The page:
After decades of experimental and computational work in gravitational waves, we now have the capability to dissect astrophysical sources with unprecedented detail as, unlike light, these gravitational waves are practically invisible and carry uncorrupted information across the cosmos. With their help, we are now probing the shapes of black holes, the matter inside neutron stars – things that no telescope could possibly ever see. We are already learning how the heavy elements are produced in our universe and whether there is an undetected population, such as the Goldilocks black holes, which forms the basis of my research.
And LIGO is just the first telescope of gravitational wave astronomy, spanning a small part of the spectrum. Within the next two decades, newer detectors would probe the entire gravitational wave spectrum of our universe.
How will the universe look if there is a being which has evolved organs that can ‘visually’ perceive the universe only through gravitational waves? What kind of a cosmic map would that reveal?
If you think about it, there is absolutely no way nature can produce a biological species that has the ability to sense space-time ripples. These gravitational waves ‘stretch’ every object, living and non-living, in the exact same fashion. So, no matter where you look, your brain simply won’t be able to perceive any difference from a passing gravitational wave. That’s why we built more detectors like LIGO, where we rely on the fact that as the speed of light is constant, we can measure the stretch in distance between two mirrors from these waves. Using this measurement, we are finding events that occurred three billion years ago, and this is generating a map of our cosmos in the gravitational wave spectrum.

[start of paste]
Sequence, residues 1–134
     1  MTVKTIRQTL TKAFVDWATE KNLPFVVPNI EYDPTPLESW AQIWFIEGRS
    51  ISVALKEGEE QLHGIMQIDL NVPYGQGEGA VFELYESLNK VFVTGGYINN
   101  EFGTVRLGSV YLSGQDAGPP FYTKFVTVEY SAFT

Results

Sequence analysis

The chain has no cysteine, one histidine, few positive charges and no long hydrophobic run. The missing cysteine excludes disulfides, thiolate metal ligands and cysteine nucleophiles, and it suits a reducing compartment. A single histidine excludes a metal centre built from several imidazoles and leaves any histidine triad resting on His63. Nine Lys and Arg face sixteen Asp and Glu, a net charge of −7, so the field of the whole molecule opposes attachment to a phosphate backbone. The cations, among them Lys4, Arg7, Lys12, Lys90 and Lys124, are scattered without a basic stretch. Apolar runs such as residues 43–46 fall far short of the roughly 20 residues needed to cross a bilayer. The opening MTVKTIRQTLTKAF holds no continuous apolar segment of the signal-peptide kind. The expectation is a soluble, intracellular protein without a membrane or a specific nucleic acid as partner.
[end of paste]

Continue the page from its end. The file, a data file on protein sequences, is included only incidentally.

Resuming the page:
How do you see India’s contribution to this field thus far, and where do you see it going in the future?
India has such a rich legacy in the field of gravitational physics. LIGO’s detection proved not only that Einstein was right, but also that Subrahmanyan Chandrasekhar was right on how stars die and more so C V Vishveshwara, through his pioneering work on black holes and their ‘ringdown’. The work carried by Sanjeev Dhurandhar, Bala Iyer, Bangalore Sathyaprakash and their students has played a significant role in shaping gravitational wave astronomy as well as in building a community of researchers in this field in universities and institutes across India.
It is a fitting tribute to this legacy that the current government has sanctioned the building of a third LIGO detector on Indian soil. I do not recall any time in the past when India invested this heavily in a field of science right at its birth. This is particularly motivating for us young scientists, as it guarantees that we will be contributing to next-generation detectors beyond LIGO, such as LISA, which will be the grandest space science mission, and Einstein Telescope.
A popular introduction to Einstein's universe is the much-acclaimed book by Lincoln Barnett, The Universe and Dr. Einstein, which came as early as 1949 with a foreword by Einstein himself. Since then, throughout the Cold War era, both the US and the USSR produced popular science books so that they would have a science-literate population, which was considered crucial for winning the war. The mantle was taken over by Isaac Asimov, Carl Sagan, Paul Davies, John Gribbin. As a physicist at the core of this monumental discovery, and as an Indian, how do you see the popular science writing landscape in India and its power to take science to our vast population?